numbers. so of course there's not any correlation but that comes from other places 3. >> the most recent terror attack was an anti-immigrant terror attack in januaryt. three suspected neo-nazis bombed an immigrant place. and that's part of the crime stats as well. >> not rape. rape has nothing to do with anti-immigrant said. >> but there's no correlation. >> why do you say there isn't? >> all you have to do is read the evidence. it doesn't show. >> wait -- >> we can get to that. but my question was about the anti-immigrant crime. >> horrible. i condemn completely and neo-nazi crime is disgusting. >> does your film focus on that?
>> my film is about the social unrest it's causing in sweden. there was a terror attack in september. interestingly enough it was a sunni attacking a shiite cultural center. no difference if you're attacking white or shiite people. that's a terror attack no matter how you slice it. >> but your numbers again don't show a spike -- not necessarily your numbers. the numbers you're reading don't show tat. >> tell me if you agree with this number. let's look at the sexual assault numbers. from 2006 to 2015 the numbers are up 50%. and by the way, that's an even bigger number than it seems because everywhere else in western europe and the united states, those numbers are up significantly. and one more quick stat. you want to talk about correlation. the people who commit ---ing the
people who have been raped in the u.s., 2/3 of people do not know their victim, right? in the u.s. in sweden, 2/3 of the victims do not know. >> the truth is that swede n las define rape more broadly than other comparable before and there's little stigma to reporting sex crimes. but according to official statistics, the sexual violence rate has been about the same from 2005 to 2014 and for the most part, the story of dark skinned foreigners targeting blond european women. is not supported by the evidence. >> i'm confused.
2005 -- and my mic is working. 2005, 2016 rape is up 50%. >> are your ears and eyes working because the numbers as we're reading from bra and from the state department they don't show what you're saying. you're manipulating them. they're right here. what does that say? but even if you look at crime in the united states, overall for the past decade crime is down. there was spike. one year. over time. that's the same thing. okay. let's say that you're right. you're classifying this as a sky rocket. it's not a sky rocket. >> so you think when rape is down in the united states and everywhere else in western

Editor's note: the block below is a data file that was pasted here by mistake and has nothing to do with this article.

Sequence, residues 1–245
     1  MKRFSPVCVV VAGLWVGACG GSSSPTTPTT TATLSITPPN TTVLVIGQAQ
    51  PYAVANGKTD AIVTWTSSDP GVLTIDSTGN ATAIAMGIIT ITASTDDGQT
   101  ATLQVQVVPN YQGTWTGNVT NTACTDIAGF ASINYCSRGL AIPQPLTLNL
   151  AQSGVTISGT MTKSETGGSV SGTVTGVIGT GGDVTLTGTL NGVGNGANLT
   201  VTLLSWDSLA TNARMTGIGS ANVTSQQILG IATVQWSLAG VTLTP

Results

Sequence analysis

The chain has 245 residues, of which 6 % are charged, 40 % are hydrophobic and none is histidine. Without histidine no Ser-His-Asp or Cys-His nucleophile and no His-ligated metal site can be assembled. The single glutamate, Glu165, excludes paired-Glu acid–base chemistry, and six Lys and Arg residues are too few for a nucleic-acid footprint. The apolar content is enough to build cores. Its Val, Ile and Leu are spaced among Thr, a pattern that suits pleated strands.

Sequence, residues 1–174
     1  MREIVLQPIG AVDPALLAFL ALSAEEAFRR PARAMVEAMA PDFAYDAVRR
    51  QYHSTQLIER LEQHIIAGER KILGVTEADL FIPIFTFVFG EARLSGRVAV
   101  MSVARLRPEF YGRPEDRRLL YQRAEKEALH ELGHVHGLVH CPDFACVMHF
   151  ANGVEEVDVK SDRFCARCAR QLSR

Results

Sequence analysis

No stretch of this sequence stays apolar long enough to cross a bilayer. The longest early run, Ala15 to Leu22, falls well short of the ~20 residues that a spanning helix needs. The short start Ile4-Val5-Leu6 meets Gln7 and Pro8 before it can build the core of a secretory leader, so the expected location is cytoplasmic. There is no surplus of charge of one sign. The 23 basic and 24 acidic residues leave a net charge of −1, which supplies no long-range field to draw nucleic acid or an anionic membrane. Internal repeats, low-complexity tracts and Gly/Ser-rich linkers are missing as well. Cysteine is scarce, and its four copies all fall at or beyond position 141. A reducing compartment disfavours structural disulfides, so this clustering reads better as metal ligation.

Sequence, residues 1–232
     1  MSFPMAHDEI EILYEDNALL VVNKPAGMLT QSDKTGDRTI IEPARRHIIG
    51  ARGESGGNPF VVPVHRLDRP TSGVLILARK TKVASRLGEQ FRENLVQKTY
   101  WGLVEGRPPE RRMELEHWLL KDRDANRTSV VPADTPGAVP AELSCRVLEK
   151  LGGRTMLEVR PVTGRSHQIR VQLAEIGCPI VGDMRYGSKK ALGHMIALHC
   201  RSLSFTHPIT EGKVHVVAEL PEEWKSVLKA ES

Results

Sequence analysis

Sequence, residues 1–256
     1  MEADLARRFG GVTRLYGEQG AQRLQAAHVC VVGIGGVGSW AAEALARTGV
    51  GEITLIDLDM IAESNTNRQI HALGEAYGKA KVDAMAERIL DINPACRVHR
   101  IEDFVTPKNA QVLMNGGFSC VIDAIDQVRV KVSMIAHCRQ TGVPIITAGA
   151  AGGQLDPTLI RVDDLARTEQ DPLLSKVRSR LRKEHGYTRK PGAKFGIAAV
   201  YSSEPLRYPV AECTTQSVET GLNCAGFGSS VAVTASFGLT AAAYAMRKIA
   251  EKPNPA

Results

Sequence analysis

europe and up 50%, that's not sky rocketing. >> because of the way they classify rapes now. if you're at a concert and someone touches you on any part of your body, that is now classified as a rape. it was not before. >> sexual assault, not rape. >> sexual assault in the united states but it's not in sweden. it is now under the rape law. >> you're mistaken about that. the definition of rape in the united states -- >> we know what it is in the united states. we're talking about sweden. >> the definition of rape in the united states is essentially the same in sweden. yes, it is. >> it's a different classification. we'll go back and look at your information. >> my pleasure. >> we'll be right back. as that i'm 26% native american. i had no idea. it's opened up a whole new world for me.
presidency. here with more. >> reporter: well, to a capacity crowd, representative taylor faced a town hall a crowd increasingly upset with the trump administration. town hall fury from utah. to nebraska. constituents chasing down congressman at public events. this time aiming squarely at their own districts. the president even noticing. >> they fill up our alleys with people that you wonder how they get there. >> white house press secretary sean spicer shared the administration's theory. >> this has become a very paidast roturf type movement. >> are you making any money on this? >> this is not a money making
venture. >> reporter: meet the team responsable for the movement. three former democratic congressional staffers. >> we had seen the tea party emerge and so we knew how powerful local action could be because it was used very effectively against us. >> they sketched out an online guide for progressives how to stop trump's agenda. >> it was 10 people were reading it and then 90 people. >> reporter: then it crashed. they posted what's now known as the indevisible guide on a website now viewed 50 million times, about 7,000 indevisible groups formed. >> there are four simple tactics to engage in. >> reporter: a viral video followed. their $10,000 video was crowd
sor sourced from donations. they have filed with the irs as a nonprofit. there's one full-time employee who still hasn't been paid. three weeks ago they put opdonation tab on their website. their movement growing. based on a simple idea. >> no is a complete sentence. that's a smart move because it keeps your coalition together and allows you to have the greatest impact possible. >> i was just so inhspired and motivated by what they said. >> reporter: do you know the people who wrote this guide? >> no. i couldn't tell you their names. >> reporter: this is ann taylor, founder of the indiviable 57. how do you feel when the gop brushes you off as somebody paid? >> i think it's funny.
i think it's a desperate attempt to delegitimize what they see as a powerful grass roots movement. >> reporter: it was loud at times, he did get booed. some of the people said he didn't answer their questions sufficiently, that they wish he had had spent more time but appreciated that he showed up; that he held a town hall to begin with knowing he would face this crowd. there wasn't any major conflict, if there was, people not able to get in started to turn on each other. there was one arrest. >> don't miss a democratic leadership debate live wednesday night, 10:00 eastern. we'll be right back.